By MASAKO SAKAMOTO/ Staff Writer
February 12, 2020 at 08:00 JST
Brian May said that even if he had a time machine, he would not return to his glory days as guitarist of British rock band Queen, although he believes humankind needs to start again.
“I’m happy with the memories, but I’m very happy with this moment because it’s full of surprises,” May said in an exclusive interview with The Asahi Shimbun. “I feel so privileged that we got to this point, and so I’m happy to be at this point in time.”
May was visiting Japan for the “Queen + Adam Lambert” shows held from Jan. 25 through 27.
It has been 45 years since Queen first performed in Japan in 1975, and May said he was blown away by all the changes that have happened in the country.
“We come back and we see young faces in the audience like we did in 1975. But they are different. You know they were the moms and dads and grandparents, even. Now, it’s a new generation of children,” the musician said. “It’s a great privilege to have this experience.”
The Japanese edition of May’s “Queen in 3-D,” the first biography about the legendary band written by a member, was released on Jan. 24. It also describes the last days May spent with Freddie Mercury, the lead vocalist of the group.
“We created this whole scenario, which is Queen, this whole genre, this whole oeuvre, if you like, of Queen music. And it’s wonderful that people are now discovering it in even more detail than they did in the past,” May said. “So Freddie is always with us. He has to be, because he is a co-creator.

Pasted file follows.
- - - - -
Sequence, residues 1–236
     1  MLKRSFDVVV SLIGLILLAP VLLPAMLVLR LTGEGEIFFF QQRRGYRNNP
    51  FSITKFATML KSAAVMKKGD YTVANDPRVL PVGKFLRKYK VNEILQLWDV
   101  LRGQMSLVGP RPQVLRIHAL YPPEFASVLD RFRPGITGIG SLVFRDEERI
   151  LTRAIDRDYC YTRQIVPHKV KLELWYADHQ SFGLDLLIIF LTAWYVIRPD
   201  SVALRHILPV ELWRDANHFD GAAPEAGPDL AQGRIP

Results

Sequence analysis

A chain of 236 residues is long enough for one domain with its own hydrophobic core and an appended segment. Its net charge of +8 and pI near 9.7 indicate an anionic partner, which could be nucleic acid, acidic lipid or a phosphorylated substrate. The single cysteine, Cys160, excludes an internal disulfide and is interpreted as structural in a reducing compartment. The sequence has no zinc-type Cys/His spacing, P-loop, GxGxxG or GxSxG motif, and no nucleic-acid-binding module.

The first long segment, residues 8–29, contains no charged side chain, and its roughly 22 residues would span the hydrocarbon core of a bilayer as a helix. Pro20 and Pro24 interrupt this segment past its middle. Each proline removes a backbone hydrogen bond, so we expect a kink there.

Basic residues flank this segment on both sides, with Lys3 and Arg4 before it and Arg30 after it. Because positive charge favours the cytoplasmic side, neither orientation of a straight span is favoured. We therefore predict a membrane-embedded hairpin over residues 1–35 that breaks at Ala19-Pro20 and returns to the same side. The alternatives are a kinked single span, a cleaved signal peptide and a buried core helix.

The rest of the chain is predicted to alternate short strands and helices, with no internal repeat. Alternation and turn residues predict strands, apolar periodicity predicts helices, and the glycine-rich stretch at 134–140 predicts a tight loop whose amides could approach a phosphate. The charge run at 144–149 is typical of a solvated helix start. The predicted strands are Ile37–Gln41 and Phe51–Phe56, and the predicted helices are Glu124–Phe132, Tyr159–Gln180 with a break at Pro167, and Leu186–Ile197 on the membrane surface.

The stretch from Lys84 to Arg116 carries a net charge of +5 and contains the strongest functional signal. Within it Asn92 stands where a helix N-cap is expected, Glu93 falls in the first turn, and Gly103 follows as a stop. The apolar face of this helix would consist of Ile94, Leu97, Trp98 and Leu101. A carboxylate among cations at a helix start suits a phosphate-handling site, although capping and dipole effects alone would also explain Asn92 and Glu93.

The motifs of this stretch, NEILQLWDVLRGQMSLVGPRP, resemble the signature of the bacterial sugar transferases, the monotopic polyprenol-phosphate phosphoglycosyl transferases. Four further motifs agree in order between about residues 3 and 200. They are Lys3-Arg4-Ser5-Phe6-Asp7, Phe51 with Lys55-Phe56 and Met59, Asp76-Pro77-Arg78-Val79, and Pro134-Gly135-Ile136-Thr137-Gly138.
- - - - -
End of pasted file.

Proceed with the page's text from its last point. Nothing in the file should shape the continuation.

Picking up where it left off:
“But mostly I feel great joy that we had this experience and we had this wonderful spectrum of Queen music that we can still explore and communicate and share with a new audience.”
The book also contains about 300 3-D photos taken by May since the 1970s.
“I felt not only of the people and the situation but also I remembered my feelings when I was in those places (when the 3-D pictures were taken). So, it's a mixture of all these emotions ... great joy at some of the wonderful things that happened and great sadness when the times were hard,” he said.
“But the overall feeling was very good. It allows people to experience our journey with the ups and downs, and it’s been a very good journey,” he added.
The show kicked off on Jan. 25 at Saitama Super Arena in Saitama before moving to Osaka and Nagoya. It was the third time for the band to perform with Lambert in Japan.
“I suppose the highlight is just the sheer beauty and range and power of Adam’s singing and the expression that he brings. He brings new interpretations to the songs,” May said. “(The stage is) very dramatic, very picturesque as we always have been. But it takes (us) to a new place.”
Last year, May suggested holding a large concert to counter global warming. He also attracted attention in Japan for urging people in a tweet to sign a petition calling for a halt to land reclamation work in the Henoko district of Nago in Okinawa Prefecture for the relocation of a U.S. air station.
“We have abused our planet so badly. ... It’s time to completely start again. We have to reassess how we behave,” May said. “I spend a lot of time now campaigning for animals to be treated with dignity and respect. It’s about the planet and all the species that live on it, and we have made a terrible, terrible mistake. ... So, it’s time to start again.”
A special event titled “Queen Exhibition Japan: Bohemian Rhapsody,” which offers visitors an opportunity to trace the history of Queen, opened in mid-January. It is currently running at the ASOBUILD in Yokohama until Mar. 22 and will move to the Osaka Takashimaya Department Store (Mar. 25~April 6) and the Matsuzakaya Department Store in Nagoya (April 18~May 10).
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